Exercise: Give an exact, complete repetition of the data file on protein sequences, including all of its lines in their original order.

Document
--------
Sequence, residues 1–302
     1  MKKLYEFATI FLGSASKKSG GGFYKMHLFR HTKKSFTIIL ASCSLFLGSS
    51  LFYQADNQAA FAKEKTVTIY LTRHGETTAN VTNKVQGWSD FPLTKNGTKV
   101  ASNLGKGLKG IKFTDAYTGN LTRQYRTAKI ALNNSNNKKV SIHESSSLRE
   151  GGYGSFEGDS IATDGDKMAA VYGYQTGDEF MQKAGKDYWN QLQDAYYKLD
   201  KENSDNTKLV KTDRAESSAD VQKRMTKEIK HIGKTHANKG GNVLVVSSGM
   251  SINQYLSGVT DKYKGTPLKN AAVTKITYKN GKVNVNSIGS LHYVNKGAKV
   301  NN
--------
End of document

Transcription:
Sequence, residues 1–302
     1  MKKLYEFATI FLGSASKKSG GGFYKMHLFR HTKKSFTIIL ASCSLFLGSS
    51  LFYQADNQAA FAKEKTVTIY LTRHGETTAN VTNKVQGWSD FPLTKNGTKV
   101  ASNLGKGLKG IKFTDAYTGN LTRQYRTAKI ALNNSNNKKV SIHESSSLRE
   151  GGYGSFEGDS IATDGDKMAA VYGYQTGDEF MQKAGKDYWN QLQDAYYKLD
   201  KENSDNTKLV KTDRAESSAD VQKRMTKEIK HIGKTHANKG GNVLVVSSGM
   251  SINQYLSGVT DKYKGTPLKN AAVTKITYKN GKVNVNSIGS LHYVNKGAKV
   301  NN